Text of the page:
Tag Archives: feminism

#NoMorePage3

I have been so disappointed and saddened by the news that our delight over the achievement of #NoMorePage3 campaign had been premature, that I was not in a mood to write a Ladies Who Impress story today. Brave and inspiring women of No More Page 3 project have fought a relentless campaign since 2012, collecting over 200,000 signatures in a petition to convince The Sun to take the boobs off a ‘family newspaper’, and on Monday it seemed like their tenacity had finally paid off: the paper came out without its degrading trademark of objectification of women.

Today, it was business as usual with a topless model, labelled as “Nicole, 22, from Bournemouth”. Indeed, in the voice of Metro, “today The Sun has told all of those women that their appearance and sex appeal will always be more important than their voice.”

Back when I signed the petition a couple of years ago, I imagined my goddaughter, who turned five last week, growing up, coming across The Sun one day and wondering why a mainstream newspaper would display a photo like that. I wondered what I would say if she asked me to explain. I thought about her pretending to be ‘one of the lads’ when her male colleagues might flick the paper during a lunch break. I feared her worrying about her own body image and the development of her values. Would she bother aspiring to become good at her chosen vocation, develop a creative streak, if only for fulfilment, play football or rugby at school, which may be fun, but isn’t in line with what society deems to be worth displaying, not on page 3 anyway?

It’s not that I am prudish or against anyone showing off their assets and getting paid for it, like some some angry women on Twitter hastened to argue, but there are plenty of specialist publications and websites catering for the audience, which I am not going to judge. For me page 3 is a bit like a “Entrepreneur Barbie” – the only one in the “career” section on Barbie website, dressed in pink and, despite her gadgets, representing very little of what it might be like to start up a business. We want women to go into science and business, represent shareholder interests on boards, share domestic chores with their male partners, be offered equal opporunities and be judged by merit, yet here in 2015 we are staring at the pink elephant we inherited from the 1970s, which stinks of patriarchy.

And yet over the last couple of years we have achieved so much in the most unlikely fields: Irish Steph Roche was nominated for the FIFA’s goal of the year awardOxford and Cambridge women will compete on the same Thames course as men in the annual Boat Race in 2015 and there are no all-male boards in FTSE100 companies as of July 2014. There are plenty of reasons to be cheerful and inspiration to spur us all on.

Once I got over my dismay, I realised that skipping a newsletter, celebrating women for their talents and achievements, creativity and fearlessness would be losing a battle and a war. If I only could, I’d put together a story to counterbalance every topless photo just to put a passionate businesswoman or a discerning correspondent into the spotlight. I will keep finding inspiring stories to put over cringeworthy images, and perhaps give Lucy-Anne Holmes a nod of encouragement to keep campaigning and empowering all of us to stay resilient against any setbacks.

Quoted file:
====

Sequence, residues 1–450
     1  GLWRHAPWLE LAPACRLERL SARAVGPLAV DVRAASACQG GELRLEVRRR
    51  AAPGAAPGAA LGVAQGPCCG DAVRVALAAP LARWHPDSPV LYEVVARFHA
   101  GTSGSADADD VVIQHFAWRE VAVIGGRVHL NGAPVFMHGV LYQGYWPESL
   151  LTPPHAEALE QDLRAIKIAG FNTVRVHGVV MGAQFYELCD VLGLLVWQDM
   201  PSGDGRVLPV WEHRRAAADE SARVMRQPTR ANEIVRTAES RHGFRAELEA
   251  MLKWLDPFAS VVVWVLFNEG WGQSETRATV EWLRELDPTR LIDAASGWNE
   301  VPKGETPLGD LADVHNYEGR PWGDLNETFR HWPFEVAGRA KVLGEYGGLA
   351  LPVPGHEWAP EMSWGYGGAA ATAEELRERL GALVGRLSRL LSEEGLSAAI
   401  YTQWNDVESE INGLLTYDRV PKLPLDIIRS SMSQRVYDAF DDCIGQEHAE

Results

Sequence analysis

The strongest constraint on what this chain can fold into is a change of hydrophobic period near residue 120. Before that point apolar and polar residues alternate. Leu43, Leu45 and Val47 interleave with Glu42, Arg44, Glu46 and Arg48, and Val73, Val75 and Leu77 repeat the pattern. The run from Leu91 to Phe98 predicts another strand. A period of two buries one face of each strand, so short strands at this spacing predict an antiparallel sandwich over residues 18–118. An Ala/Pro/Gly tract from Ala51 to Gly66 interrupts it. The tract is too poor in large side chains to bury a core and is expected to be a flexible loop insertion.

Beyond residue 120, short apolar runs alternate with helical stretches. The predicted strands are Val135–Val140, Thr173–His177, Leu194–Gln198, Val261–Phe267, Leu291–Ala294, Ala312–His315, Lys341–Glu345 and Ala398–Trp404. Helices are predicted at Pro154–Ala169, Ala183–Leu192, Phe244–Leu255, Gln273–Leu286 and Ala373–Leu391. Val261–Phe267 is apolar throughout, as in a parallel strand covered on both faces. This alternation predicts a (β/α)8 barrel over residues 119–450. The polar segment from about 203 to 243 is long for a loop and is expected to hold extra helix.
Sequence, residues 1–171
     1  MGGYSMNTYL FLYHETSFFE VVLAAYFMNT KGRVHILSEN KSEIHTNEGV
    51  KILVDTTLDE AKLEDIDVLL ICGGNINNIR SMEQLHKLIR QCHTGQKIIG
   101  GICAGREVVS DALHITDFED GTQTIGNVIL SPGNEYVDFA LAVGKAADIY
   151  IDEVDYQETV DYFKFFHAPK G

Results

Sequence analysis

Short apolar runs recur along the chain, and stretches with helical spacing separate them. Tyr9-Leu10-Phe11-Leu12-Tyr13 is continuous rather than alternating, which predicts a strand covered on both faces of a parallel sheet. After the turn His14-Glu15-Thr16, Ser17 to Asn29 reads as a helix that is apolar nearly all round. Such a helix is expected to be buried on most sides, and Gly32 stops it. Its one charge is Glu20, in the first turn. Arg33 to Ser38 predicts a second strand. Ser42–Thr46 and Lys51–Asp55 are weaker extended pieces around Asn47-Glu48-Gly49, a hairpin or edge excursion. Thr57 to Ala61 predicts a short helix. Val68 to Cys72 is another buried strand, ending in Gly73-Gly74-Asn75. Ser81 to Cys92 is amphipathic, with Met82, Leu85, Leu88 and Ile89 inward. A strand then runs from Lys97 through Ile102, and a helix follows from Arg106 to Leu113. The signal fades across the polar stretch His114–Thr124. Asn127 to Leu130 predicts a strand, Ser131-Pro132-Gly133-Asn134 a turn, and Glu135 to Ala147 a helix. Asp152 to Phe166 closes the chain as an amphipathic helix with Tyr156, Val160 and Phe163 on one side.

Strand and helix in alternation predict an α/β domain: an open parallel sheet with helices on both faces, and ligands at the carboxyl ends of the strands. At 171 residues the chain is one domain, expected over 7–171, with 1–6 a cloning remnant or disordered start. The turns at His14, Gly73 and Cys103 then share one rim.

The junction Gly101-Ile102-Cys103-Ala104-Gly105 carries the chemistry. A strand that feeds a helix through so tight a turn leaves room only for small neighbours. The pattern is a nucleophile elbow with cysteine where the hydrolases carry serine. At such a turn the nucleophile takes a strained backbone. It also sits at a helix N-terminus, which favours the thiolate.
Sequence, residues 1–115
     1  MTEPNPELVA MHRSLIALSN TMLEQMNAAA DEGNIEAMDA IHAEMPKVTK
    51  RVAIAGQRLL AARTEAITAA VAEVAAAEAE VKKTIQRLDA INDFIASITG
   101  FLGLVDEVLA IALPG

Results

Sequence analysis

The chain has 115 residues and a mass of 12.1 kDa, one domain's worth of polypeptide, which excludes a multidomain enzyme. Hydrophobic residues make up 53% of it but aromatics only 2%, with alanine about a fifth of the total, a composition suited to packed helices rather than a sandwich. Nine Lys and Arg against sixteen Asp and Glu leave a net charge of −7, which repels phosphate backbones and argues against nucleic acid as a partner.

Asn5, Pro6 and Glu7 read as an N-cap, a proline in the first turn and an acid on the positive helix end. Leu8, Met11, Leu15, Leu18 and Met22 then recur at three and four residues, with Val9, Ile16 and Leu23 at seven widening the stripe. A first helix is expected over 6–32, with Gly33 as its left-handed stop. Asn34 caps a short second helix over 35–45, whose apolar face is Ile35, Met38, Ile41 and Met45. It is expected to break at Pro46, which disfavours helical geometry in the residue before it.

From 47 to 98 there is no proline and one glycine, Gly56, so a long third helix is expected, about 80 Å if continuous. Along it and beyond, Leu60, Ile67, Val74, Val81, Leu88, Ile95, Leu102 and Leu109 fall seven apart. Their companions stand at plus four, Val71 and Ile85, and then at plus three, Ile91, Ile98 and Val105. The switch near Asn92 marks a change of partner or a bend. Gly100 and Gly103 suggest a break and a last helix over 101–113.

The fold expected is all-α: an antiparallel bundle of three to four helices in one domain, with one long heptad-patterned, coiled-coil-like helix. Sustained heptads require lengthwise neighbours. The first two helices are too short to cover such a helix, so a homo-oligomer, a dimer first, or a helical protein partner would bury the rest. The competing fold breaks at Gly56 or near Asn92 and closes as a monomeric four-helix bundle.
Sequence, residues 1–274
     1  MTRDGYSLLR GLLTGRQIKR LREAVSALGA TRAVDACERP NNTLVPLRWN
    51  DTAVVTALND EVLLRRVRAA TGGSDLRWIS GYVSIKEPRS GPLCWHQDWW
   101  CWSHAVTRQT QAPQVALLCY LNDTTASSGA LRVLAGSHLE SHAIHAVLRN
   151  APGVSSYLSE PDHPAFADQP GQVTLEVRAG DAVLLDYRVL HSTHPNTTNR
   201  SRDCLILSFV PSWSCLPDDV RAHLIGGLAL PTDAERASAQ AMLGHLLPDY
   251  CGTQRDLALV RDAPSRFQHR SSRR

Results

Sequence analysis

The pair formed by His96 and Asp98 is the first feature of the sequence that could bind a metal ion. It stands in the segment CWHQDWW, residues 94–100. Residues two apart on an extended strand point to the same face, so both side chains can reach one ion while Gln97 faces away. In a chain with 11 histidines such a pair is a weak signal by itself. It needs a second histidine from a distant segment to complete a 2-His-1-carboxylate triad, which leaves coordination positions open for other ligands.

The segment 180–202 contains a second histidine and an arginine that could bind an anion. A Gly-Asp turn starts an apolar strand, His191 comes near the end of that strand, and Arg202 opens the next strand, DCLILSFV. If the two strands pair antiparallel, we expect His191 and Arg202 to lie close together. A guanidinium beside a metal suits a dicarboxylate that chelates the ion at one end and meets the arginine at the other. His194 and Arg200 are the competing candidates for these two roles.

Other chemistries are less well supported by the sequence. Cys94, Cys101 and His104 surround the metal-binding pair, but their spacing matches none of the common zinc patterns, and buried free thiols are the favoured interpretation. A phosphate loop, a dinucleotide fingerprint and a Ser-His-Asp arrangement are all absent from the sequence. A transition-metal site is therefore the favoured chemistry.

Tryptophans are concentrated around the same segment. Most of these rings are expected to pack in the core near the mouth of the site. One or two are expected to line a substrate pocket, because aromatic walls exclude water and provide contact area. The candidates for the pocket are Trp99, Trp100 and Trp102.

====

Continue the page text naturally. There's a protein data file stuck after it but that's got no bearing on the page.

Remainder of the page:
It only takes a couple of minutes to sign a petition. You will not receive any newsletters or junk mail, but your time and voice will contribute to a worthy cause. Click here to sign a petition for #NoMorePage3.

Lucy-Anne Holmes

 

This article was first published on Huffington Post

The F Word with Nicole Wilson, Alice Arnold & Polly Courtney

We have taken on Mission Impossible, we have had some Food for Thought, we’ve looked at London in Her Eyes… It was time to have a word, The F Word. The F Word stands for feminism, a subject I was keen to explore further ever since my rant about Caitlin Moran. The title The F Word was deliberate, since there are many women, who hesitate to call themselves feminists. For some ‘feminism’ may even feel like an insult. It is a shame because feminism isn’t about women vs. men, burning bras or refusing to shave, it’s about equal rights and opportunities. What’s there not to like?

On 4 October we gathered at the Skyloft bar of the Millbank Tower to admire breath-taking views of London by night, talk about feminism, support The What I See Project and, of course, to meet three very different, but equally inspiring Ladies Who Impress and hear their stories.

In my opening speech I said that Ladies Who Impress started with an idea to celebrate genuine female role models. These women are not just talented, successful and brilliant at what they do, but they also remain grounded and somehow ordinary, helping us to believe that we too can achieve tremendous heights and follow our dreams.

Here are some photographs and highlights from the evening:

Urvi and Jana Surprise guest

Ladies in the audience

Two guests

 

 

 

 

 

Nicole Wilson, Alice Arnold and Polly Courtney

Nicole Wilson, Alice Arnold and Polly Courtney

Nicole Wilson has been playing violin ever since her father decided  to become a music teacher and use her as a guinea pig. Nicole does not believe she was a ‘natural’, she worked hard to earn her place in such prestigious orchestras as the London Symphony Orchestra and the English National Opera. However, her tenacity and character always shone through. At some point Nicole was presenting her own show on Classic FM. How did she manage that? She just asked…